Race to a Decision on Dix: Easley Jumps to Early Lead
Posted February 27, 2007
The 2008 budget that Gov. Mike Easley submitted last week includes $173 million in bond money to develop 25 of the 306 acres of the state property just outside downtown Raleigh. The city is hoping the state will sell it the land.
The 150-year-old state hospital is set to close late this year or in early 2008. What happens to that land will impact the capital city for generations, which led city officials to bring in planning advisers from the nationally known Urban Land Institute.
Easley wants to build a state-of-the-art, energy-efficient office complex for more than 3,400 Department of Health and Human Services employees.
“We need that. That is long overdue. We need that complex, and it will be the greenest building in the state,” North Carolina’s Democratic governor told WRAL.
The complex would be built on the edge of the Dix campus, along Lake Wheeler Road. DHHS employees who already work at Dix and thousands from downtown offices would fill the facility.
Politicians and planners have spent months talking about a putting a park, a mixed-used development or both on the site. A final decision hasn’t been made, which is why the budget item stunned some leaders.
“My reaction was a little bit surprised that it would be in this year's budget. It would have been great if everyone could have been on the same page,” Sen. Vernon Malone, D-Wake County, said. Malone co-chairs the committee studying the future of Dix.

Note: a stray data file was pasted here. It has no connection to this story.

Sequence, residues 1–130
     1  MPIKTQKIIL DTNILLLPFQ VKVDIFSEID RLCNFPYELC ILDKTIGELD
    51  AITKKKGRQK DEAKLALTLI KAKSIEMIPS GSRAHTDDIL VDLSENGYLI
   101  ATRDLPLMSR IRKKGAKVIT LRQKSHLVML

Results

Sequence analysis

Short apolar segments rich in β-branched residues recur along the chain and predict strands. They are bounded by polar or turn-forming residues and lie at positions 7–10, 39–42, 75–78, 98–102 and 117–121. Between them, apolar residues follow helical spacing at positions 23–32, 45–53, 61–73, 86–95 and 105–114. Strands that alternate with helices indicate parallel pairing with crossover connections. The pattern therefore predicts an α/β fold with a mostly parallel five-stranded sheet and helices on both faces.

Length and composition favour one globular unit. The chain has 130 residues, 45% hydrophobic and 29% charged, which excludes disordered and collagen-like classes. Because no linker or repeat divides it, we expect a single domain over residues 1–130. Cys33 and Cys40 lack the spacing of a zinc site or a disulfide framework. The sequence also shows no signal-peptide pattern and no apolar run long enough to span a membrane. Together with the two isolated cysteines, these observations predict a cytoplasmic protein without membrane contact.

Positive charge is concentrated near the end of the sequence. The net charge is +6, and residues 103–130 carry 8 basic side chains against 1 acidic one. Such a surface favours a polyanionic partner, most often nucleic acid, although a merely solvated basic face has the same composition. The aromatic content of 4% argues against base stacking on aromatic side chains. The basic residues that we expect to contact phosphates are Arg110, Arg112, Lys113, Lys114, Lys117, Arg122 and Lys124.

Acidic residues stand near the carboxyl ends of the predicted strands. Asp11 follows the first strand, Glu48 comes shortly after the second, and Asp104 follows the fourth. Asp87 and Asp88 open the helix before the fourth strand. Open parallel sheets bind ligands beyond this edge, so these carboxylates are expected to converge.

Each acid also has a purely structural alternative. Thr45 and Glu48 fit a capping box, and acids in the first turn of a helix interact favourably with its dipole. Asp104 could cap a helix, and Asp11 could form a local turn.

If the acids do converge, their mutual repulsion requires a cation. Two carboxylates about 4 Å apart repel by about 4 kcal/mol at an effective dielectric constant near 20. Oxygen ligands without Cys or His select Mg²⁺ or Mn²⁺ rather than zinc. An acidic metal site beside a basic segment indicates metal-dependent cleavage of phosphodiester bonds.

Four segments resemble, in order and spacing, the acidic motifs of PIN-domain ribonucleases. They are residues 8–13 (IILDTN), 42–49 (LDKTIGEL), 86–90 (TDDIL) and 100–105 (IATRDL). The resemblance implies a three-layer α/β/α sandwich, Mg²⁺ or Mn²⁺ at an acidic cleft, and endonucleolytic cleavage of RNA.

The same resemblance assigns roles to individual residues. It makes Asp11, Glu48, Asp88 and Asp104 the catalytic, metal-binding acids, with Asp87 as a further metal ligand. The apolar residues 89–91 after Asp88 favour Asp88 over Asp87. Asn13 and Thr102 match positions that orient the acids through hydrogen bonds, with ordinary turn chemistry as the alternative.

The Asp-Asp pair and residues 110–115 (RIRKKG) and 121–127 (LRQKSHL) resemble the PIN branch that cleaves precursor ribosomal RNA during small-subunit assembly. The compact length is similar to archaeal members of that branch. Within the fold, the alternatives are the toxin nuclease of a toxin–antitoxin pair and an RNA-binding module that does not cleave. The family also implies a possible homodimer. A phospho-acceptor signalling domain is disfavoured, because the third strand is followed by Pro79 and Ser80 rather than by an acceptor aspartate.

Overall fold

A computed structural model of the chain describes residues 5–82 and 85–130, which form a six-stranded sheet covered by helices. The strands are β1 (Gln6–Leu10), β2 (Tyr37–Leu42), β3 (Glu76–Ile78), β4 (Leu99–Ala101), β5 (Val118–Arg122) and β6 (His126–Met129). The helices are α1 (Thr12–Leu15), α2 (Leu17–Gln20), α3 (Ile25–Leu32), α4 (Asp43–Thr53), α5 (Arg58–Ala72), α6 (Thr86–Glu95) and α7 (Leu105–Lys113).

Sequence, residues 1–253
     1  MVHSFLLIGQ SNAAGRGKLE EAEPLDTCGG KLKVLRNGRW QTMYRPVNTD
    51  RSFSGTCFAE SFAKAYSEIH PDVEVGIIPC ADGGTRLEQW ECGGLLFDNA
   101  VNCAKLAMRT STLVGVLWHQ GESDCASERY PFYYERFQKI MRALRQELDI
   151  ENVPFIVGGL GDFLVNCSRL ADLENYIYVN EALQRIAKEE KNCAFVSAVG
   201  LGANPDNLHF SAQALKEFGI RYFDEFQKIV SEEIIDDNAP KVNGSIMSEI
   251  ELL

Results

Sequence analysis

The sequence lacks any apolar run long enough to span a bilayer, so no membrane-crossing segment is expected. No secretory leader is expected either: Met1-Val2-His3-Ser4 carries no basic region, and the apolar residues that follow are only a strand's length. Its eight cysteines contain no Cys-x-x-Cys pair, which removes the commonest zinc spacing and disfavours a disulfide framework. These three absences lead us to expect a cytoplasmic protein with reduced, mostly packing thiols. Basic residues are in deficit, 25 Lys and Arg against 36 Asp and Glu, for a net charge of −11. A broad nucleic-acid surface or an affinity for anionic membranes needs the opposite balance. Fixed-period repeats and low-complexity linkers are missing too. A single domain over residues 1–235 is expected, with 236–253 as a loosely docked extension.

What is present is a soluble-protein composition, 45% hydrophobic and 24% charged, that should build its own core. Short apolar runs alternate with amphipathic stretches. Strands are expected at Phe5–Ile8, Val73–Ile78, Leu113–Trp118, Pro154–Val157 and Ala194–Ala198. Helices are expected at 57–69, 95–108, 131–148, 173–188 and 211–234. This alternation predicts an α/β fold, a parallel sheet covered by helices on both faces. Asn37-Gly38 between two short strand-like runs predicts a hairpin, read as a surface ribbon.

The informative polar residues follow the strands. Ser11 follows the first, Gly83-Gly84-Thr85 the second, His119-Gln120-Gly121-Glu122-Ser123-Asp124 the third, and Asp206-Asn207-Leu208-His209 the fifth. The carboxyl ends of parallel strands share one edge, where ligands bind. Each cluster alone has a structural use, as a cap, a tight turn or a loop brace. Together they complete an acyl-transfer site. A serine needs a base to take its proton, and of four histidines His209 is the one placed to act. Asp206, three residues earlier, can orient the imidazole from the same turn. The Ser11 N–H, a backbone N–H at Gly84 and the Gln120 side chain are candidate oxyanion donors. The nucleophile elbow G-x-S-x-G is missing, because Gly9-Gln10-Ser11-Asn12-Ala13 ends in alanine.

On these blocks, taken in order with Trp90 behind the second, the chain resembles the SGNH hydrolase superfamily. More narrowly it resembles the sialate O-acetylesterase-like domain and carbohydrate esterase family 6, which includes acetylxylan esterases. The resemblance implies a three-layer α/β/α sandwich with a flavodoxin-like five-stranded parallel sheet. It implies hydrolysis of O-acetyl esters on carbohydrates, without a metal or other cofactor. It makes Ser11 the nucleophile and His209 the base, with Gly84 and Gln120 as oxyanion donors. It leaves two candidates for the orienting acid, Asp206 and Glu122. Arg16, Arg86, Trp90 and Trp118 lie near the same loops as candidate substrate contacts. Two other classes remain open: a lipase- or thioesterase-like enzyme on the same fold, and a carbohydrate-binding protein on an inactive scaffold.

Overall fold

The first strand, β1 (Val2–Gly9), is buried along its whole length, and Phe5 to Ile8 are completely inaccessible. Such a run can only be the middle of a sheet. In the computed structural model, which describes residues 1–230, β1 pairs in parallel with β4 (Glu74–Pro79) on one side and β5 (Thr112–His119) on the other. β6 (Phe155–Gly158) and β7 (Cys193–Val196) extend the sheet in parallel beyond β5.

The group hasn't yet found consensus, so, the senator and other lawmakers were surprised to learn the governor earmarked millions for the office complex.
“It is getting the cart before the horse in the governor's budget. What we need to do is determine what we're going to do with the Dix property first,” said Rep. Nelson Dollar, R-Wake County.
The governor says the jury is still out over what to do with Dix. He hopes the historic site can be preserved for public use.
Wake County leaders see the governor’s budget as an executive message.
“I know ultimately a decision has to be made on the Dix property. This may force us to move forward,” Malone told WRAL.
Easley’s chief economic adviser says that putting a new state building on the Dix campus makes sense.
“I believe this is the state's property first and foremost, and there's a lot of discussion that needs to take place on this,” said Dan Gerlach.
It now appears the governor is leading that discussion. The future of the Dix property will now become part of legislators’ budget negotiations.